3 Problems With Superhero Novels (And Why They’re Not Problems)

y648-64When I wrote Superheroes Anonymous, it didn’t occur to me that I was veering off the path. Superheroes- and Supervillains Anonymous and now How to Save the World, they’re all listed in the urban fantasy genre. They contain magic and powers, larger than life fight scenes, and grand old good vs. evil showdowns that you find in a lot of urban fantasy novels. But when people think of superheroes, they just don’t think novel.

At home, I have a cabinet full of superhero glasses, a DVD collection jam-packed with caped wonders, and an entire drawer set aside for comics. Slowly, a shelf of superhero books is creeping into that collection, showcasing books like Carrie Vaughn’s After the Golden Age or C.B. Lee’s Not Your Sidekick. I have space set out for my own How to Save the World, which I think will be in tremendous company next to Sarah Kuhn’s Heroine Complex. But of all of my collections, that shelf is the smallest one, and I think it’s because people have a hard time wrapping their heads around superheroes in novel form. I can see three reasons for that.

1. Superheroes are visual. What are these words doing there, clogging up the page?

Superheroes are by and large a visual medium. They lend themselves to awesome drawn and scripted fight scenes, cool special effects, and bright, candy-colored costumes. Translating that from the screen to the written word can be immensely difficult.

But it can also be incredibly fun.

While it’s true that the visual quality can be a difficult one to lose—I salivate every time production photos of a new costume are released—I think superhero novels make up the difference. A deft hand for description is required, obviously, but comic books rely on imagination of the reader to work, and so do novels. Novels have one advantage over other mediums: they can delve deep inside a character’s head in a way comic books don’t have time to do. With a novel, you can be inside every visceral punch, in the hero’s shoes as he or she flies to save the day, or experiencing the freak-out over new powers. See? I told you. Fun.

2. Superheroes rely either on grit or on candor and both can be hard to swallow.

Whether you’re a Watchmen fan or a Christopher Reeves Superman junkie doesn’t matter. My favorite superheroes trade on heartfelt optimism and the battles between good and evil. My best friend loves the Christian Bale Batman tales for how bleak they are.  Both of these tones can be difficult to nail in novel form! The Superheroes Anonymous trilogy trends to the positive. Even facing overwhelming odds like being wrongfully accused or squaring off against a telekinetic villain, my hero Gail Godwin finds reason to hope in the darkness and fight back. In movies, this is accompanied by swelling music, in comics the art gets brighter or darker to compensate. In books, these moments are reserved for the high fantasy genre a lot of the time. But I think with this new spate of superhero novels, we’re reclaiming our own. And the best solution for that is to write more of these novels to make this feel normal—and read more, of course. Which is great since I have a new book on sale today.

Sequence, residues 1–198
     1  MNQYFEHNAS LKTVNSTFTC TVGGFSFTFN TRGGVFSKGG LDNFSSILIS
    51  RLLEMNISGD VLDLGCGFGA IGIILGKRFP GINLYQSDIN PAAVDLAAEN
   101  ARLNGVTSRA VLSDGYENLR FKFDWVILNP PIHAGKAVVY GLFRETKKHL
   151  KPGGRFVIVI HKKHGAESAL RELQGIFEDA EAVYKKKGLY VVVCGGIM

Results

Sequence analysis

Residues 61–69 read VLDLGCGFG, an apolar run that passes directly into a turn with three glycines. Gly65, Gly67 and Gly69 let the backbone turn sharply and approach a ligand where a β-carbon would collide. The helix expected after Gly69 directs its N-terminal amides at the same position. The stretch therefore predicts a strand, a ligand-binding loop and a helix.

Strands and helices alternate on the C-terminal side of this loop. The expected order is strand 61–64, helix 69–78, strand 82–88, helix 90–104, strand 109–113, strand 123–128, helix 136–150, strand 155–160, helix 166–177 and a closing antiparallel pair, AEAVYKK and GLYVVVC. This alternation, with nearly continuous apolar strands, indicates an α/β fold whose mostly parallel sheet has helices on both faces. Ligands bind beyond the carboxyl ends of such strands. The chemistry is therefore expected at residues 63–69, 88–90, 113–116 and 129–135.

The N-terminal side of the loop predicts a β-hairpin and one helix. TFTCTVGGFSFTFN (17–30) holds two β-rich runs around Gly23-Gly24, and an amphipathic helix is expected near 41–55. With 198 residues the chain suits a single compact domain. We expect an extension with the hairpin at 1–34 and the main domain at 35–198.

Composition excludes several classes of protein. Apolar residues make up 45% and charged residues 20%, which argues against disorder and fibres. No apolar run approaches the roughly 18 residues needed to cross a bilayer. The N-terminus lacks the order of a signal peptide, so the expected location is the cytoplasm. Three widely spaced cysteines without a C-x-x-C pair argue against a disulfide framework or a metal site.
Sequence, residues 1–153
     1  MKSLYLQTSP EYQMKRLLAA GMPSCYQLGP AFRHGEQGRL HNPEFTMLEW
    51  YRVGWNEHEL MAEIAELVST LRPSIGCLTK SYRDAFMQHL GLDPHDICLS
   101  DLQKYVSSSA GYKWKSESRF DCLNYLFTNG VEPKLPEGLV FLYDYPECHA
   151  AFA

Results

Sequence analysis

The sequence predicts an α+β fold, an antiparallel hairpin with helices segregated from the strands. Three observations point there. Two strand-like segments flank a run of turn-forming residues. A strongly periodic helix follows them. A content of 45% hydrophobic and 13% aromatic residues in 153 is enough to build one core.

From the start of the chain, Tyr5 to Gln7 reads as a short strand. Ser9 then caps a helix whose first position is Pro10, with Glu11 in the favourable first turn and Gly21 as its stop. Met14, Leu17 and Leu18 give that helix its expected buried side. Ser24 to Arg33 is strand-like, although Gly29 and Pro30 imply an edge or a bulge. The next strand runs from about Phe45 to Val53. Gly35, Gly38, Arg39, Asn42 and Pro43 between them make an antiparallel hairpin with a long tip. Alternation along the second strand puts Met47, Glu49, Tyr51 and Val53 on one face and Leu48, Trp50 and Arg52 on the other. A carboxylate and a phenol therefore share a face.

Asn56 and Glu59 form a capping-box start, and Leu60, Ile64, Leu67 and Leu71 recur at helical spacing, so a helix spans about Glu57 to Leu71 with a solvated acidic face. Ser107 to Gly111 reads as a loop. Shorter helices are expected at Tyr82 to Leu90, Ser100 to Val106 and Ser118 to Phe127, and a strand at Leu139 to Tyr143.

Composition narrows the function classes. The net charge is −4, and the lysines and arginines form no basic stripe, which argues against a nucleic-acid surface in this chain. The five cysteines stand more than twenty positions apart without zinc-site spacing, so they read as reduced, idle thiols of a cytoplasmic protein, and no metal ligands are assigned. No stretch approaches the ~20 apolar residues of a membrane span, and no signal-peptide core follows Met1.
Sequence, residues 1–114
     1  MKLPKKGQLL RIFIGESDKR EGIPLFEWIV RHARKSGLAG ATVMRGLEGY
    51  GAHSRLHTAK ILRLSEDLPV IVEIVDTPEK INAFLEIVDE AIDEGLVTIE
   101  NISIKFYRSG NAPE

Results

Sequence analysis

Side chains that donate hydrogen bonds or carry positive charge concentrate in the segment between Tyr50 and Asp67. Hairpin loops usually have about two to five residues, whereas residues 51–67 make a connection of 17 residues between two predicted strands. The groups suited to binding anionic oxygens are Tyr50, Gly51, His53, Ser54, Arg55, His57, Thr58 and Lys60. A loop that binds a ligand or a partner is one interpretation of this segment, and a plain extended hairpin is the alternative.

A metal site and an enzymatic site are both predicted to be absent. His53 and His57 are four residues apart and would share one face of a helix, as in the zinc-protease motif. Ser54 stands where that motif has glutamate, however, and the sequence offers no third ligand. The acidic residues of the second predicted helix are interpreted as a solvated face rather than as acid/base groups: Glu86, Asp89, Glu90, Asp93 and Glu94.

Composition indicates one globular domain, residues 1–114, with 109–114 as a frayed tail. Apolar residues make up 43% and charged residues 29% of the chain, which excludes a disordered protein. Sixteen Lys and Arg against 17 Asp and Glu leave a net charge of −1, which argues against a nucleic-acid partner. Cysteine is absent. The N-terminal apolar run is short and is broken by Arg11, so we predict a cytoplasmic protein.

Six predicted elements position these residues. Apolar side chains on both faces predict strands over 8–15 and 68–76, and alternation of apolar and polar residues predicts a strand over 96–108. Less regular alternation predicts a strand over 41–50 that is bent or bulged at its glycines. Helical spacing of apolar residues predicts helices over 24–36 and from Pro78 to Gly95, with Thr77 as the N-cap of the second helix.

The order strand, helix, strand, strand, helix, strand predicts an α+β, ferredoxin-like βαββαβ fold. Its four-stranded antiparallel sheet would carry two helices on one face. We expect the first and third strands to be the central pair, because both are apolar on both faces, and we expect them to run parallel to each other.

3. Superhero novels can be considered a little too “new” for nostalgia.

This isn’t a problem for me, but I can understand why it would trip people up. There’s a reason Batman, Superman, and Wonder Woman are so popular: many people grew up with them. And these superhero novels that are slowly hitting the shelves are either about new superheroes or they’re a new twist on an old favorite (check out Gwenda Bond’s amazing YA Lois Lane duology to see what I mean). That really messes with the nostalgia factor and trust me, as somebody who bounced in her seat when the Wonder Woman trailer played, I get that.

But I think that these novels are doing something to make up for it: they’re bringing new takes on superheroes to the table. Heroine Complex and Not Your Sidekick feature Asian-American superheroes that we don’t get to see on the silver screen as often. My Superheroes Anonymous series has a strong social media component, exploring what superheroes would be like in modern society. Even the Lois Lane books I mentioned above set Lois’s world in high school, super-sleuthing her way through homeroom and trig homework. I would argue that these books have a chance to step away from the nostalgia and into a new era.

And the best part? Look at my superhero collection that I talked about. We’re in a glut of superhero options right now. I can turn on my TV and watch Barry Allen or Daisy Johnson or even Legion, I can go to the movies and laugh at Ant-Man. And now, I think, I can go to my favorite place in the world—the bookstore—and read all about superheroes in the novels that I adore above all else.

You should pick up a superhero novel today. One of mine would be great! But there are so many good choices available now, and even more coming. And isn’t that awesome?


lexie-dunneLexie Dunne is a life-long winner of the coveted trophy for participation and author of the SUPERHEROES ANONYMOUS series. By day a mild-mannered technical writer and by night a writer of masked crusaders, she hails from St. Louis, home of the world’s largest croquet game piece. Follow her on Twitter @DunneWriting.

 

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